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The overpopulation of stray dogs is a serious public health and animal welfare concern in India. Neglected zoonotic diseases such as rabies and echinococcosis are transmitted at the stray–dog human interface, particularly in low to middle-income countries. The current study was designed to estimate the stray dog populations in Punjab to enhance the implementation of animal birth and disease (for example, rabies vaccination) control programs. This is the first systematic estimation of the stray dog population using a recommended method (mark–re-sight) in Punjab, India. The study was conducted from August 2016 to November 2017 in selected villages or wards in Punjab. For the rural areas, 22 sub-districts in each district were randomly selected, then one village from each of the 22 selected sub-districts was selected (by convenience sampling). For urban areas, 3 towns (less than 100,000 human population) and 2 large cities (more than or equal to 100,000 human population) were randomly selected, followed by convenience selection of two wards from each of the 5 selected towns/cities. To estimate the dog population size, we used a modified mark-re-sight procedure and analysed counts using two methods; the Lincoln–Petersen formula with Chapman’s correction, and an application of Good–Turing theory (SuperDuplicates method; estimated per km2 and per 1000 adult humans and were compared between localities (villages vs. towns), dog sex (male vs. female) and age group (young vs. adult) using linear mixed models with district as a random effect. The predicted mean (95% CI) count of the dogs per village or ward were extrapolated to estimate the number of stray dogs in Punjab based on (a) the number of villages and wards in the state; (b) the adult human population of the state and (c) the built-up area of the state. Median stray dog populations per village and per ward using the Lincoln–Petersen formula with Chapman’s correction were estimated to be 33 and 65 dogs, respectively. Higher estimates of 61 per village and 112 per ward are reported using the SuperDuplicates method. The number of males was significantly higher than the number of females and the number of adult dogs was about three times the number of young dogs. Based on different methods, estimates of the mean stray dog population in the state of Punjab ranged from 519,000 to 1,569,000. The current study revealed that there are a substantial number of stray dogs and a high number reside in rural (versus urban) areas in Punjab. The estimated stray dog numbers pose a potential public health hazard in Punjab. This impact requires assessment. The estimated stray dog numbers will help develop a dog population and rabies control program in which information about the logistics required as well as costs of implementing such programmes in Punjab can be incorporated.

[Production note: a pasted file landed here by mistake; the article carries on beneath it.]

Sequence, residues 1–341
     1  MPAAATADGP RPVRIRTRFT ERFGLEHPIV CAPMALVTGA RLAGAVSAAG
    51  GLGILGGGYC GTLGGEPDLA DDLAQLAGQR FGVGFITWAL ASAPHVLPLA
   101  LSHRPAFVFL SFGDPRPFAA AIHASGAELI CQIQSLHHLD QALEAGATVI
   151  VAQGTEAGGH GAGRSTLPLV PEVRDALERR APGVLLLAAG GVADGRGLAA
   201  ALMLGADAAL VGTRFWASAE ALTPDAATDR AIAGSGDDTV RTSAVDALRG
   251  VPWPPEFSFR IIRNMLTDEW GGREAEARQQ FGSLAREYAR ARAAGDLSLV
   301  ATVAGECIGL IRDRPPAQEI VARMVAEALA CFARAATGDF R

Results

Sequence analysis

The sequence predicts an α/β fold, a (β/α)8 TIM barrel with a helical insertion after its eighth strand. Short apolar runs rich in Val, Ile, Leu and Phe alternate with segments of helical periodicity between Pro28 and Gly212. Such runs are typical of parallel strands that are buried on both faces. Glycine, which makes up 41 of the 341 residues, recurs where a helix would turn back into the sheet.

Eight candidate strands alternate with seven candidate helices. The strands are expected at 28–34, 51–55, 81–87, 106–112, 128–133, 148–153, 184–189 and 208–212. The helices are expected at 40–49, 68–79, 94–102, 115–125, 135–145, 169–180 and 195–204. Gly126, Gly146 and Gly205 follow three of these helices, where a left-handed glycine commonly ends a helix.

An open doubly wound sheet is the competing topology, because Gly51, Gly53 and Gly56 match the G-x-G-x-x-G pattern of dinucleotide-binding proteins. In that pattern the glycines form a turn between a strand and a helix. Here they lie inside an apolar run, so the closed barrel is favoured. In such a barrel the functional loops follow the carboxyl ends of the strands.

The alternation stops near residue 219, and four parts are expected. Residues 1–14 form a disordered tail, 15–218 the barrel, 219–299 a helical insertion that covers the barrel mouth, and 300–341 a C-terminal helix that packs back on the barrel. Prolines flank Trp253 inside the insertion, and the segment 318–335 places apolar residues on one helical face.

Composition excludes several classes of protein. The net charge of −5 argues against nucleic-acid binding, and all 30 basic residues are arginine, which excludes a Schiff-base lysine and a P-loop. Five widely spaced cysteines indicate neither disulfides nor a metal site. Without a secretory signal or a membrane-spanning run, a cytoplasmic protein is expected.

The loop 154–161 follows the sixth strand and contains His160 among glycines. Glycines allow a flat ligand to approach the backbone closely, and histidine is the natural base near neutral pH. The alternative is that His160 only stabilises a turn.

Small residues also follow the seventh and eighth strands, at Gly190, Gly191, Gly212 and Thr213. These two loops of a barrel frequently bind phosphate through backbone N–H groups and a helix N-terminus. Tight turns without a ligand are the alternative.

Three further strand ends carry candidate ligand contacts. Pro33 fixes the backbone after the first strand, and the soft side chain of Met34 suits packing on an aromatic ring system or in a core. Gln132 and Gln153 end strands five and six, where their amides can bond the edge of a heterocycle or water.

Thesis